Fission yeast myosin-II isoforms assemble into contractile rings at distinct times during mitosis. Academic Article uri icon

abstract

  • Myosin-II is required for cytokinesis in Schizosaccharomyces pombe [1-3], but unlike other unicellular organisms, S. pombe has two structurally distinct myosin-IIs, Myo2p and Myp2p, which are required under different conditions [4]. Disruption of myo2(+) is lethal, whereas disruption of myp2(+) leads to defects in cytokinesis when nutrients are limiting and to cold-sensitivity in 1 M KCl. In dividing cells, both myosin-IIs localize to a ring in the center of the cell, which is thought to contract, separating the cytoplasms of the daughter cells. Using deconvolution microscopy, we obtained three-dimensional reconstructions of fission yeast cells expressing green fluorescent protein-labeled (GFP)-myosin-II, providing for the first time detailed images of GFP-myosin-II rings. By time-lapse microscopy, we observed ring assembly and contraction in three dimensions using GFP-tubulin as a cell cycle marker. We determined that the Myo2p ring forms in metaphase/anaphase A whereas the Myp2p ring forms much later, at the end of anaphase B. Myo2p initiates ring formation while Myp2p acts later to increase the efficiency of cytokinesis.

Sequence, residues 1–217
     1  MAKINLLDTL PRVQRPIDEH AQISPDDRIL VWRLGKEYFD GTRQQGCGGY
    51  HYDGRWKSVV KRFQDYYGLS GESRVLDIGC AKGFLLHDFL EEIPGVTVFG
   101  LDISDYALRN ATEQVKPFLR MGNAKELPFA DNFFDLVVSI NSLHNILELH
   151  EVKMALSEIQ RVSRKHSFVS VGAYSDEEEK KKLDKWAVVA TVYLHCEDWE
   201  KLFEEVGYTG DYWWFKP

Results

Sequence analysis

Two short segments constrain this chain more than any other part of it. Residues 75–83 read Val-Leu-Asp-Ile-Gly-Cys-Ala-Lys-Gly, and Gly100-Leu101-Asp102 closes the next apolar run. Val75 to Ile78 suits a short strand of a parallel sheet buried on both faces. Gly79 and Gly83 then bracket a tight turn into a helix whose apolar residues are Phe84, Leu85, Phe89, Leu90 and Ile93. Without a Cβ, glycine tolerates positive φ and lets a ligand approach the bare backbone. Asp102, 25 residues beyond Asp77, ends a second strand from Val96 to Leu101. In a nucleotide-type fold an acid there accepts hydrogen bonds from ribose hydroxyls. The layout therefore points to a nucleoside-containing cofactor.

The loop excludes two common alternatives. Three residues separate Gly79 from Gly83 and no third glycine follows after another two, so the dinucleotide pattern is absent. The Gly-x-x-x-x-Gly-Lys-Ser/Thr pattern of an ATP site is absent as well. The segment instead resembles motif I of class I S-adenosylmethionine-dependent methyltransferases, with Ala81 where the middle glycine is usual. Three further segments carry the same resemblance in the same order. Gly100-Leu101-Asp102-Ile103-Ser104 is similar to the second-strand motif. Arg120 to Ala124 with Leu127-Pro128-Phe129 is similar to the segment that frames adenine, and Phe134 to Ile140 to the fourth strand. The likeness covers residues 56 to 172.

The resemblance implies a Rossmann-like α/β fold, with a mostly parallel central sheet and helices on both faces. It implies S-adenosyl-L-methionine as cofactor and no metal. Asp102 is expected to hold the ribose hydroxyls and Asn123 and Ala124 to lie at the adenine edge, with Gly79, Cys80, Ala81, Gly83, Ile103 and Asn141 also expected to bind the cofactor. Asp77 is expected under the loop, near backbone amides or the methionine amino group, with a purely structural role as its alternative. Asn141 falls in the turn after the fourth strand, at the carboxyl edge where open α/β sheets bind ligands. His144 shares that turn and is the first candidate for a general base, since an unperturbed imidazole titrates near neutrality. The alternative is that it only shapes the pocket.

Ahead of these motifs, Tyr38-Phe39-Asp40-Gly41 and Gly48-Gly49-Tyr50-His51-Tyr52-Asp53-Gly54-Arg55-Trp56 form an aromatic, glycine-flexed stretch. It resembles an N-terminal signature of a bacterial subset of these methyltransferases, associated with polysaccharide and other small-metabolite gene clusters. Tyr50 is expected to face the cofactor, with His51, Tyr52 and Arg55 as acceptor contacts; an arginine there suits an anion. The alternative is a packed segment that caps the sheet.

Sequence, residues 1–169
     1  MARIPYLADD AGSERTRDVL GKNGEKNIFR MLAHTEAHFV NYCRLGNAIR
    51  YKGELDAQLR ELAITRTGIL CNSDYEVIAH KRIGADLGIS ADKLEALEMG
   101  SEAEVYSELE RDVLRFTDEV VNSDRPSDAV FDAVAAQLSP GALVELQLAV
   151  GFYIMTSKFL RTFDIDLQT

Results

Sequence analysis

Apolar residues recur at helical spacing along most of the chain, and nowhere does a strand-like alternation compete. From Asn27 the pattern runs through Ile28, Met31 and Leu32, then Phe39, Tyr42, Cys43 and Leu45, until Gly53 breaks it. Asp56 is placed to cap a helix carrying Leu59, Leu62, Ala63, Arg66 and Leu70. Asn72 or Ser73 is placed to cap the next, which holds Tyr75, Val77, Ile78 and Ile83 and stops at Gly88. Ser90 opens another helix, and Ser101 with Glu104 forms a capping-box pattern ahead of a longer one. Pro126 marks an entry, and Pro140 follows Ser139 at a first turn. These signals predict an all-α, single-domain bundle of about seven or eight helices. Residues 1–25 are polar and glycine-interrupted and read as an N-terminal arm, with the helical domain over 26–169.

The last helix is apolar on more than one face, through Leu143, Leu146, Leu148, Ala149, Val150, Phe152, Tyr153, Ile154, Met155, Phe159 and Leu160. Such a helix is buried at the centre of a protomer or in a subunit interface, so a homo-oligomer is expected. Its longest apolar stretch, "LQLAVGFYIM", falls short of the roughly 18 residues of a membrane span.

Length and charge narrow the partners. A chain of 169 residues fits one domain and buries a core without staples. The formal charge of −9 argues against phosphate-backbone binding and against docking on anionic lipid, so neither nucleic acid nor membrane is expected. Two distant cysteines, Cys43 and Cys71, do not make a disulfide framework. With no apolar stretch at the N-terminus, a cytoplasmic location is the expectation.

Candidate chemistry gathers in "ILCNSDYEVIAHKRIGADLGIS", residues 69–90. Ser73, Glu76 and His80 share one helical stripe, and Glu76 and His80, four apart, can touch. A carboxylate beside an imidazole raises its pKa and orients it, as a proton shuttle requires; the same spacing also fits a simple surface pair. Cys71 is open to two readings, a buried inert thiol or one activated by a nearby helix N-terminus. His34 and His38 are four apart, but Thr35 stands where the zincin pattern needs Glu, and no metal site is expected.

publication date

  • April 6, 2000